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Texas Trial Lawyers

Texas law regarding construction defects

On Behalf of | Jul 15, 2021 | Construction Defects

Construction defects are a community hazard. Legally, Texas law defines this as poor workmanship in a project’s design. It can cause structural failure, damage to property or person and financial harm to several parties.

Standard of care

The state holds the construction industry to a legal standard of care. This applies to all parties under the project’s design umbrella. Whether architect, electrician, carpenter or laborer, everyone has to abide by strict accordance of guidelines and safety measures to ensure projects meet construction industry and governing body qualifications. When parties do not, mistakenly or otherwise, the contractors and their teams are legally responsible for any disastrous outcome.

Breach of contract

When these matters come before a court, plaintiffs need to prove that builders delivered a product other than contractually promised. In Texas, you have four years to file a breach of contract claim. The period starts on the contract’s execution date. An exception is if you discover the defect several years into living in the dwelling. In this case, the law allows the construction defect time limit to start upon discovery.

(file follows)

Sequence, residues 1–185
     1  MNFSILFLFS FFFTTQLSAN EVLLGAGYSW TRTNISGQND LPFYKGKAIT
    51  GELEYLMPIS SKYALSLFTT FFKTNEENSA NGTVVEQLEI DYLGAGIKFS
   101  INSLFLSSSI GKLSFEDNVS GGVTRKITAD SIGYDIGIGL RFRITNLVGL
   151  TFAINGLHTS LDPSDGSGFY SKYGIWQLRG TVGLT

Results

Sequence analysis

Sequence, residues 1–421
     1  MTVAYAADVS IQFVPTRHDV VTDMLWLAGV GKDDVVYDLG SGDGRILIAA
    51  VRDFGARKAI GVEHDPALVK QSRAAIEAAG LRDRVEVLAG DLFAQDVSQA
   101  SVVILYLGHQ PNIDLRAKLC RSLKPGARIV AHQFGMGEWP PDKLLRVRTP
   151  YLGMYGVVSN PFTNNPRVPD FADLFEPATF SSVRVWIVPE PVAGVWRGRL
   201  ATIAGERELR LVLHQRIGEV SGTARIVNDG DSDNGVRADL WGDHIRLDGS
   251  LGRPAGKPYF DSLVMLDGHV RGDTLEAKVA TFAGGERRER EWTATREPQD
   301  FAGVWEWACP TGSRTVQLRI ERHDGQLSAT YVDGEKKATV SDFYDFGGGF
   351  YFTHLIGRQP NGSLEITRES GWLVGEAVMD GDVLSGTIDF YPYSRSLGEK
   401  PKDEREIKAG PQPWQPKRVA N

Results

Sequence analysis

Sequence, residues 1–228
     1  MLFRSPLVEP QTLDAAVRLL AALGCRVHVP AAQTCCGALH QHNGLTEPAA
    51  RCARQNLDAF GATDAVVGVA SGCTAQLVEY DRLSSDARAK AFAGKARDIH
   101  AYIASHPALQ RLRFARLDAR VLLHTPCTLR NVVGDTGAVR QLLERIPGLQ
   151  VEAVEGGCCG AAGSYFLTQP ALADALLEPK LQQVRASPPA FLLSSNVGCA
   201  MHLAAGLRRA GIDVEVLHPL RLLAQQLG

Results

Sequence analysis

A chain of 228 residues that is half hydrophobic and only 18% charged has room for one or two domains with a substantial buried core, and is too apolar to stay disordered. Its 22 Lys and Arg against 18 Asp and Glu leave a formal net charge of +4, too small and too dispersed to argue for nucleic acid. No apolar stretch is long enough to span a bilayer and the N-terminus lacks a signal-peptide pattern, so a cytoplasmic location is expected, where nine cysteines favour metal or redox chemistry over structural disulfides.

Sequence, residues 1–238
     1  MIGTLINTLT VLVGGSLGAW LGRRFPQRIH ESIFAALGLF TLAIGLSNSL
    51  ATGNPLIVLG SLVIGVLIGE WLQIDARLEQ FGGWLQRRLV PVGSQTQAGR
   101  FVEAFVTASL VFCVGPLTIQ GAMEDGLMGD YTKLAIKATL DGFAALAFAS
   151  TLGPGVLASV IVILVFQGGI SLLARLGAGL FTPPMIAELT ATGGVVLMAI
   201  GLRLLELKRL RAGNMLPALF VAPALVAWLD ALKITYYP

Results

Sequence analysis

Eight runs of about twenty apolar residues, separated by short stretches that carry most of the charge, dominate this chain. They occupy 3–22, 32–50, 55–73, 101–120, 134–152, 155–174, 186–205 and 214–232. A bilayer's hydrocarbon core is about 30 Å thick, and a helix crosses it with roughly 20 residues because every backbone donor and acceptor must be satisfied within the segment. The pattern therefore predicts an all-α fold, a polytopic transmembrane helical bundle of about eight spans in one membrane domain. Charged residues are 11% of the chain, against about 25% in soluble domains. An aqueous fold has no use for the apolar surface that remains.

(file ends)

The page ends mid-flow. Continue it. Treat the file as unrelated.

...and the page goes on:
A claim may meet the criteria for a statute of repose. The repose imposes a filing period of six years even if the defect isn’t discovered right away.

Negligence of builder

Construction defects are not always obvious. They may not reveal themselves for some time.

A solid example is poor quality materials gradually deteriorating. Before you can file a claim, a construction expert may need to testify that the structure integrity ultimately failed due to original design choices. The court has to see that the builder did not meet the standard of care, resulting in economic or personal damage.

Despite the most transparent and conscientious behavior from builders, construction defects can happen. It could be difficult to track what your contractors are doing. If things go wrong, keep in mind that you have legal recourse.